Positive Affirmations Help in Problem Solving While Stressed per New Study

Carnegie Mellon University issued the following news release:

Carnegie Mellon Research shows self-affirmation improves problem-solving under stress

It’s no secret that stress increases your susceptibility to health problems, and it also impacts your ability to solve problems and be creative.

Positive affirmations improve problem solving while stressed

But methods to prevent associated risks and effects have been less clear – until now.

Published in PLOS ONE, new research from Carnegie Mellon University provides the first evidence that self-affirmation can protect against the damaging effects of stress on problem-solving performance.

Understanding that self-affirmation — the process of identifying and focusing on one’s most important values — boosts stressed individuals’ problem-solving abilities will help guide future research and the development of educational interventions.

“An emerging set of published studies suggest that a brief self-affirmation activity at the beginning of a school term can boost academic grade-point averages in underperforming kids at the end of the semester. This new work suggests a mechanism for these studies, showing self-affirmation effects on actual problem-solving performance under pressure,” said J. David Creswell, assistant professor of psychology in CMU’s Dietrich College of Humanities and Social Sciences.

Because previous research indicated that self-affirmation may be an effective stress management approach, Creswell and his research team had college students rank-order a set of values (e.g., art, business, family and friends) in terms of their personal importance, and indicate their levels of chronic stress.

Participants randomly assigned to a self-affirmation condition were asked to write a couple of sentences about why their number one ranked value was important (a standard self-affirmation exercise).

All participants then had to complete a challenging problem-solving task under time pressure, which required creativity in order to generate correct solutions.

The results showed that participants who were under high levels of chronic stress during the past month had impaired problem-solving performance.

In fact, they solved about 50 percent fewer problems in the task.

But notably, this effect was qualified by whether participants had an opportunity to first complete the self-affirmation activity.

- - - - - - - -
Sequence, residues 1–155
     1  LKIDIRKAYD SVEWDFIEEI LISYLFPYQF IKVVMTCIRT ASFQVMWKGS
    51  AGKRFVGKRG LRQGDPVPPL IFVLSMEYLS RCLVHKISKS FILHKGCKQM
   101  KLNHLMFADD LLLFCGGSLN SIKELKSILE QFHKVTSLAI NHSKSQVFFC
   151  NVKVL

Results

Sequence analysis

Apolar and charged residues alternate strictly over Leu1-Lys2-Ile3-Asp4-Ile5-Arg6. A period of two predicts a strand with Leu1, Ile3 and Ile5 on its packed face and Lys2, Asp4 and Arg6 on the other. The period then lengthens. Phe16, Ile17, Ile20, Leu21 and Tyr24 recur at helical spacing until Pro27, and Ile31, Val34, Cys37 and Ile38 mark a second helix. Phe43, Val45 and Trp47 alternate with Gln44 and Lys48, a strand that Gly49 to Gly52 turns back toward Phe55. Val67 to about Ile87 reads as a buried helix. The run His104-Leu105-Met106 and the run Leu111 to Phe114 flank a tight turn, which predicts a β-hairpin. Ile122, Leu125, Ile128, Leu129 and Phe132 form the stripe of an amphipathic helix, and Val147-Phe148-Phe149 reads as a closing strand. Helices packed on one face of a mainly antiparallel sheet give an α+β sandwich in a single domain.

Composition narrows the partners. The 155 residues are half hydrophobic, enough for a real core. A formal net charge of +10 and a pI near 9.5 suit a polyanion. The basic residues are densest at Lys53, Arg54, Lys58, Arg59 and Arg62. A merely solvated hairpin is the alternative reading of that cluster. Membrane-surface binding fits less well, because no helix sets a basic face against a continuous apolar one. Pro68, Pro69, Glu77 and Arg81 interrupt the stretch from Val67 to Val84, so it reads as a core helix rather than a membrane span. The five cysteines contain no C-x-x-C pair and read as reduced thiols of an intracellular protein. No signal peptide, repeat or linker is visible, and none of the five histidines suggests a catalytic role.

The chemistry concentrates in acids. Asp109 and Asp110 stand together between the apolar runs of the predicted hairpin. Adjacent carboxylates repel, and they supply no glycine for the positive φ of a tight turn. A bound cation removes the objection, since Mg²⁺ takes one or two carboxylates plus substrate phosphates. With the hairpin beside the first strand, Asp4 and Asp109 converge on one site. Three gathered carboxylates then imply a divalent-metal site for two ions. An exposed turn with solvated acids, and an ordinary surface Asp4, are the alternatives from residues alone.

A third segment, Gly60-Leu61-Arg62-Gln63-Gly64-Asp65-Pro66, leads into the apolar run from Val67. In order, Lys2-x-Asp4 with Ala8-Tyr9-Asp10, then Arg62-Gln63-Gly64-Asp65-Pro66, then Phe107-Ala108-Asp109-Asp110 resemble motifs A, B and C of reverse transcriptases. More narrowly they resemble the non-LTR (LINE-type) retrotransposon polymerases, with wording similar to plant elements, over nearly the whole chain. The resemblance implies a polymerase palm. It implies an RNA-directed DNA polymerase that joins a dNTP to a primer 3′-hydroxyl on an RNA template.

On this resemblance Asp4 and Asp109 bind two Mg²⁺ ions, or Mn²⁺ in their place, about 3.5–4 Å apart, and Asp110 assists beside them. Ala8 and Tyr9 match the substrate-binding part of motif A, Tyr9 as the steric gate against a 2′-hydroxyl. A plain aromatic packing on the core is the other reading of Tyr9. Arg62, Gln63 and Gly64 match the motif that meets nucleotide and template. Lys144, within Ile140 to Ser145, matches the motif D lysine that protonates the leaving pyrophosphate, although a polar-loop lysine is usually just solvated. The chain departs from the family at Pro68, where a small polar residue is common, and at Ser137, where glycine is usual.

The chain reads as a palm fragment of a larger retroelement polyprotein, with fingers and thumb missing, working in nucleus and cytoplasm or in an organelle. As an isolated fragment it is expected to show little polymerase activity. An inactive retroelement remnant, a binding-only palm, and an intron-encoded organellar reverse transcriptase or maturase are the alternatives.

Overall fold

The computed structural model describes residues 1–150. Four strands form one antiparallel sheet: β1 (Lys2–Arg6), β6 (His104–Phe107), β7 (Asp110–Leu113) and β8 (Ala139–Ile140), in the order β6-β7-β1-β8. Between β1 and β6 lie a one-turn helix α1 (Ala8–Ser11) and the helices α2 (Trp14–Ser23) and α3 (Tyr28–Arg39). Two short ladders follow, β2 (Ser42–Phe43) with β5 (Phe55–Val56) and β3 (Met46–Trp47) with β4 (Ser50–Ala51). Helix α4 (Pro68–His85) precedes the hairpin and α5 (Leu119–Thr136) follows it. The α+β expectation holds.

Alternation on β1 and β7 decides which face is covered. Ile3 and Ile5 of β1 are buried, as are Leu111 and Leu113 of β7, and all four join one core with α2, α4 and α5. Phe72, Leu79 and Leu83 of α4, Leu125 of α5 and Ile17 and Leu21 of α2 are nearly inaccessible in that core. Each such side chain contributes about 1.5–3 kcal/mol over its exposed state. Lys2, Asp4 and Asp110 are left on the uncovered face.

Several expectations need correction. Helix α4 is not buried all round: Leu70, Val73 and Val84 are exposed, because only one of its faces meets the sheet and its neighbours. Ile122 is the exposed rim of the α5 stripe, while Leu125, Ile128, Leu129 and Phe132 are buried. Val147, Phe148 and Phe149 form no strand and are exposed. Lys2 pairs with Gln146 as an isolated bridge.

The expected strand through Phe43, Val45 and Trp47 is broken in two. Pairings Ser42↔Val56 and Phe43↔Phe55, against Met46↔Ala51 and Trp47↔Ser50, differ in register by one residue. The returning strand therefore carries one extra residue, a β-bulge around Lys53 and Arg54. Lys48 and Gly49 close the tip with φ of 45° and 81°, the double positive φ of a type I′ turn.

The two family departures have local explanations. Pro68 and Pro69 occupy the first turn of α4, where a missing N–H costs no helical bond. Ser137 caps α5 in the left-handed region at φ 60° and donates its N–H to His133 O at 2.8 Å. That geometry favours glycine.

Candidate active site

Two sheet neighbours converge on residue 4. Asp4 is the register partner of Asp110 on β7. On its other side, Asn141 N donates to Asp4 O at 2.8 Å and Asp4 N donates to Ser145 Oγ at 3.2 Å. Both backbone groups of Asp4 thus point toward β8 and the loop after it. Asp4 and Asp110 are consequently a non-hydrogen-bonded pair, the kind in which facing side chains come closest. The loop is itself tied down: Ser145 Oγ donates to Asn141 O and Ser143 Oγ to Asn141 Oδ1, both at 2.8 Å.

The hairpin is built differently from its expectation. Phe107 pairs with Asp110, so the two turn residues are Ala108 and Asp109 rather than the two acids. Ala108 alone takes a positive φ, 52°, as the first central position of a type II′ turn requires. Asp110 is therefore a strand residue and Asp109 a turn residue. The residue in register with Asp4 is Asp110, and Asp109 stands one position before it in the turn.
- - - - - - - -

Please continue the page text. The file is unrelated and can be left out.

Specifically, a brief self-affirmation was effective in eliminating the deleterious effects of chronic stress on problem-solving performance, such that chronically stressed self-affirmed participants performed under pressure at the same level as participants with low chronic stress levels.

“People under high stress can foster better problem-solving simply by taking a moment beforehand to think about something that is important to them,” Creswell said.

“It’s an easy-to-use and portable strategy you can roll out before you enter that high pressure performance situation.”

To life, love and laughter,

John Schinnerer

 

John Schinnerer, Ph.D.

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Author of the award-winning Guide To Self: The Beginner’s Guide To Managing Emotion & Thought

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About John Schinnerer

John Schinnerer, Ph.D. is a U.C. Berkeley-trained emotion expert and founder of Guide To Self, a company that focuses on coaching individuals and groups to their potential using strengths-based development and positive psychology (the science of optimal human functioning). His private practice is located at 913 San Ramon Valley Blvd. #280, Danville, CA 94526. He may be reached at John @GuideToSelf.com. Most recently, Dr. John hosted Guide To Self Radio, a daily prime time radio show, in the San Francisco Bay Area. He graduated summa cum laude from U.C. Berkeley with a Ph.D. in psychology. Dr. John has been a coach and psychologist for over 10 years. Dr. John’s areas of expertise range from positive psychology, to emotional awareness, to moral development to parenting. He is a noted writer and speaker on topics such as employee engagement, emotional intelligence, making a good brain great, and creating a healthy and efficient workplace. His award-winning book is on proven ways to lead a meaningful and happy life and is entitled, “Guide To Self: The Beginner’s Guide To Managing Emotion and Thought.” He has written articles on corporate ethics and EQ in the workplace for Workspan magazine, HR.com, and Business Ethics. He has given numerous presentations and consulted with tens of thousands of people for organizations such as Kaiser Permanente, Pixar, Sutter Health, SHRM, NCHRA, KNEW and KDIA. For over 17 years, Dr. John has been a loving father to four children.
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